What's in store for 2021?
For intermediaries only
Steven Cameron, Pensions Director at Aegon, looks ahead to what 2021 might bring. With the coronavirus vaccines being rolled out, are we simply overcoming one major obstacle, to be confronted with a multitude of further challenges, some of which are yet to be calculated.
None of us will forget 2020 in a hurry, although many of us for a whole host of different and very good reasons, may well want to.
The first big question for 2021 is will the hope of a vaccine begin to allow life to get more back to some form of normality?
This question will be closely followed by the next one – which will centre around how the Government will begin to put the nation’s finances back on a sounder footing?
The Spending Review and the Office for Budget Responsibility (OBR) forecast painted a bleak picture for the next couple of years with a large and growing deficit to be filled.
There’s also the prospect of the Financial Conduct Authority (FCA) reviewing its approach to regulation once we’re no longer bound by EU rules. The threat of negative interest rates shaking up the nation’s whole approach to saving and investing also remains.
We’ll also be able to start learning from the introduction of investment pathways for non-advised drawdown customers – the big question is will these reduce or increase the demand for retirement advice? And will the DWP roll out similar rules for members of trust-based schemes?
The Spring Budget
With the second wave of infections cancelling his Autumn 2020 Budget, the Chancellor is expected to set out his recovery plans in the Spring.
The big question is not if, but how, from whom, and when he plans to recoup the huge financial cost of the coronavirus pandemic.
High on the list of possible targets are pensions tax relief and wealth taxes. But could he also signal increases to income tax and National insurance? Can the state pension triple lock survive much longer? And where’s he now going to find the money to put social care funding on a fair and sustainable footing?
The tax system can have a big impact on the most efficient ways of managing long term saving and investment, something advisers are ideally positioned to support their clients with. It’s also vital any changes to tax reliefs and incentives don’t discourage saving for retirement or for the ‘rainy day’ emergencies. Those at risk of losing current incentives might be well advised to act sooner rather than later.
On pensions tax relief, the most recent rumour suggests a move to a flat rate of relief at 25% is being considered. Clearly, this would reduce the incentives for higher and additional rate taxpayers but would benefit basic rate and non-taxpayers. These changes are highly complex to implement, particularly for defined benefit schemes or for those using ‘salary sacrifice’, meaning savers and pension schemes would need sufficient time to adapt.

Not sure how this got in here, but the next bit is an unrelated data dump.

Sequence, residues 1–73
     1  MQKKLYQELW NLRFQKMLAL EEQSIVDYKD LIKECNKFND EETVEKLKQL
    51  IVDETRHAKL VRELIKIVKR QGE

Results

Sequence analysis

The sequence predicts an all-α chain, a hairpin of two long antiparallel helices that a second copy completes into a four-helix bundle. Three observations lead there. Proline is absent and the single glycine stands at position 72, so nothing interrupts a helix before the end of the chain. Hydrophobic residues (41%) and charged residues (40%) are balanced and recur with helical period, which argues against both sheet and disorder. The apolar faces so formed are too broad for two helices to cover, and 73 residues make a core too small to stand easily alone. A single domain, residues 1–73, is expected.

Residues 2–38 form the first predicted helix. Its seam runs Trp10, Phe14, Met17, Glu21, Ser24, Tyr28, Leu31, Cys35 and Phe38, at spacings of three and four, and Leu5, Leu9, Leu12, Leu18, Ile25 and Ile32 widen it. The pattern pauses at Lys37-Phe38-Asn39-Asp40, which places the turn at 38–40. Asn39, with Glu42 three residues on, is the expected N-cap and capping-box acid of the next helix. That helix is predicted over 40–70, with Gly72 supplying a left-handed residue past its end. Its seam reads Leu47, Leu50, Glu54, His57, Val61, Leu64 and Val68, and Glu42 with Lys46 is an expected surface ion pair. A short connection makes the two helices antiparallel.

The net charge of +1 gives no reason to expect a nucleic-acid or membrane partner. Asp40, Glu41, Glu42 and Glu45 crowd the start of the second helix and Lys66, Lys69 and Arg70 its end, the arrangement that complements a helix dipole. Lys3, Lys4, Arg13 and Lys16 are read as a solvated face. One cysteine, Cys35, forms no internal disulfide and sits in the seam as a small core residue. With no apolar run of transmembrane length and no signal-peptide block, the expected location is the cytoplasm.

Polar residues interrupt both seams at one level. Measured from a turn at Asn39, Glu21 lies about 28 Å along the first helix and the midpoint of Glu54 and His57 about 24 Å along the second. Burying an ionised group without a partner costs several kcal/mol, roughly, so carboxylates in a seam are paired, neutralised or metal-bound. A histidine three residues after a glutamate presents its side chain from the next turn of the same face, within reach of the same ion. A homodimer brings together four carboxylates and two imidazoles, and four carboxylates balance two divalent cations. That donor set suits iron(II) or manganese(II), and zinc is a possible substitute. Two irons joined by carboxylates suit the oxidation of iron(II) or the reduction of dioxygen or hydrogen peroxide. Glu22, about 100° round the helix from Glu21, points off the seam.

The Government is increasingly focusing on pension funds as a source of investment to support economic recovery, including in infrastructure and the ‘green revolution’. A too drastic cutback in pensions tax relief would clash with this initiative.
We also saw proposals from the Office of Tax Simplification involving a sharp increase in the rates of Capital Gains Tax (CGT) or a larger cut in the annual exemption. Those holding significant investments outside of tax favoured wrappers such as pensions and ISAs, owners of second properties and business owners who plan to sell their businesses to fund their retirement will all need advice certainly after, but possibly before any changes.
While a blanket increase to the headline rate of income tax or National Insurance is unlikely in the short term, the Chancellor might consider other more targeted changes such as levying National Insurance (NI) on earned income after state pension age, or aligning income tax and NI between employees and the self-employed.
The devastating impact the pandemic has had on our most elderly has made it even more urgent for the Government to deliver on promised reforms to social care funding. Previous suggestions to create sustainable funding included an increase in income tax or National Insurance, earmarked for social care, and perhaps just for those over 40 years old.
The Chancellor will now need to undertake a tricky balancing act to assess any such changes against what other plans he may have in store. Whatever the outcome, this will surely create a major new demand for advice in future years.
Something else to look out for is the introduction of a pension season, where all pension schemes will have to issue annual benefit statements around the same time.
The government has yet to decide when this will start, but this could be a catalyst for more people to contact advisers to help them review their pensions and more general retirement planning.
FCA and advice
The FCA is actively looking at broadening support consumers receive, be it through advice or guidance as part of the Call for input into the Consumer Investments Market. Feedback to this very wide-ranging paper will be combined with the findings from the review of the effectiveness of the Financial Advice Market Review and the Retail Distribution Review which unsurprisingly found the advice gap is alive and kicking. Areas under scrutiny are the definition of advice versus guidance, FSCS levies and the potential to increase the availability of ‘pay as you go’ or streamlined advice.
The possible introduction of more personalised guidance could also offer opportunities for adviser firms to expand into new segments of the population. This to me is one of the big ones to watch for in 2021.
With the uncertainty created in 2020, further emphasising the value of advice, let’s hope this helps the advice industry go from strength to strength and helps to manage and improve the outcomes for their clients.